Advertisement
YOU ARE HERE: LAT HomeCollections

NEXT L. A. | Ideas: The Metropolis

Creating a City That Never Sleeps

One urban planner advocates the elimination of zoning regulations as way to bring out the vitality of neighborhoods.

November 05, 1996|JOSEPH HANANIA | SPECIAL TO THE TIMES

Abolish zoning? Urban planner Elizabeth Moule says that for Los Angeles to become a more livable city, we should do away with the rules that define areas as residential, commercial or industrial.

Moule, 36, is a partner in the Los Angeles firm of Moule and Polyzoides, and five years ago co-founded the Congress of the New Urbanism.

Question: Wouldn't abolishing zoning create chaos?

*

Answer: Let's go by results. Until recently, Houston had no zoning. Yet its makeup substantively resembles that of similarly sized, zoned cities.

*

Q: So what is zoning?

*

A: It's not urban planning. Rather, it is an abstract mathematical model which defines a property's density. Zoning says nothing about how a building--or a neighborhood--looks and works. That's why so many parts of the city have such a minimal sense of place.

And the problem goes further. Under regulations, each building is evaluated in a vacuum. But a building exists as part of a block. That block is part of a street, which is part of a neighborhood. If we don't view how each part affects the whole, we can get beautiful, expensive buildings or dull, formulaic ones stranded in a veritable urban desert. Zoning addresses none of that.

*

Q: Then what are you advocating?

*

A: We want to decentralize planning, eliminating zoning. In evaluating zoning's usefulness, we have to consider how it actually works in specific instances.

*

Q: So, how does it work?

*

A: Zoning began around 1920, principally as a means of separating urban uses. The idea was that you didn't want to locate a commercial center or factory amid a residential area. Over the years, zoning grew to include separating cars from people. Little of this works in reality.

*

Q: Why not?

*

A: We've come to understand that cities are like living organisms, healthiest when alive 24 hours a day. Thus, retail areas like downtown Los Angeles do more business if they cater not just to the daytime commercial crowd, but also to the after-hours and weekend residential and tourist crowd. A broader 24-hour customer base, in turn, lures more businesses downtown. This was the intention behind the original Bunker Hill's new residential community alongside the downtown commercial area.

*

Q: But it didn't work. Downtown Los Angeles is still dead after hours.

*

A: Yes, and largely because of zoning. Bunker Hill's residences sit largely above the main commercial areas, with few points of access. Thus, although residential and commercial areas are sited side by side, a virtual wall exists between them.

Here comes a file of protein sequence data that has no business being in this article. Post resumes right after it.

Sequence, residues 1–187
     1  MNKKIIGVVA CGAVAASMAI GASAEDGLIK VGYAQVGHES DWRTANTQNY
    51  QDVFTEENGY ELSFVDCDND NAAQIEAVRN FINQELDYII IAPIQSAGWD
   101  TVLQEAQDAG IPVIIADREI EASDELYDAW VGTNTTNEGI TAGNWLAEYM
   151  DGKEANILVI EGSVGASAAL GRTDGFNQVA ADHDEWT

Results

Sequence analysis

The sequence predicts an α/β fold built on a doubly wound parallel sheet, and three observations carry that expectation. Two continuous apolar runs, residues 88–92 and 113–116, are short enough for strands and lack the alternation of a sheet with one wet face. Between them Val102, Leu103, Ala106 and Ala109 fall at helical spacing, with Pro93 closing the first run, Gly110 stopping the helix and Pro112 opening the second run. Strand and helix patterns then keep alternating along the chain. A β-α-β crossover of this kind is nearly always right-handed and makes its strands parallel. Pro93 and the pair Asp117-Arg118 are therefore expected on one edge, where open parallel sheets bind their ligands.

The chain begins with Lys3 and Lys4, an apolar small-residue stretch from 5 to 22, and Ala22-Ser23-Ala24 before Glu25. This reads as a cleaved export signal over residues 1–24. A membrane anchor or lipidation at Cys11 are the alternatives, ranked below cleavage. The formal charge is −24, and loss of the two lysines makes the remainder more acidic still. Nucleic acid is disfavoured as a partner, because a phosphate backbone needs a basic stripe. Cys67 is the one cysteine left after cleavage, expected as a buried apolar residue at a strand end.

*

Q: But not too many Bunker Hill residents want to shop downtown.

*

A: Not the way the areas are presently constituted. But what if the commerce fed upon the residences and vice versa, as in New York's SoHo? What would the synergy create?

*

Q: You also want to stop building pedestrian bridges?

*

A: Mostly, yes. These bridges remove pedestrians from the eyes of passing motorists, making the solitary pedestrian more vulnerable to crime.

*

Q: So you advocate mixing in cars and pedestrians?

*

A: Yes. By separating the two, we now have wider traffic lanes with fast-moving cars juxtaposed with narrower sidewalks which are less pedestrian-friendly. Because there are fewer pedestrians, stores are disinclined to display their wares for window shoppers. Each factor reinforces the other. The results are vast areas which have become virtual urban deserts.

*

Q: But doesn't your plan trade in the danger of getting mugged on a deserted sidewalk for the danger of getting run over?

*

A: No. Imagine a barrier of parked cars between pedestrians and traffic, traffic slowing as drivers browse store windows, perhaps even parking and dashing in. Imagine people jumping in and out of cabs and buses. All of these random, happenstance public interactions help nurture a city's vitality.

*

Q: Your critics say that you are, de facto, advocating increased congestion.

*

A: Ultimately, we must decide what's more important. Is it maximizing traffic speed throughout the city or nurturing our neighborhoods' vitality? Abolishing zoning does not rid the city of freeways or through streets. Rather, we are abolishing a one-size-fits-all mentality, with priority given to the car in all areas of the city.

*

Q: But there are plenty of cities, such as New York and San Francisco, which have both zoning and urban vitality.

*

A: The small-grained, mixed-use framework of those cities were largely in place before zoning. A more accurate comparison includes a look at cities that have largely sprung up after zoning became popular. We need to ask, do those places work? Is that the model we want?

*

Q: And yet, areas such as Old Town Pasadena, Santa Monica's Third Street Promenade and downtown Beverly Hills all have distinct personalities.

*

A: And all of these areas are in towns, each with its own vision of neighborhood, each independent of Los Angeles zoning regulations. We need more such individuality.

*

Q: But might not fine-tuning regulations, rather than a wholesale throwing out of all zoning, do the trick?

*

Advertisement
Los Angeles Times Articles
|
|
|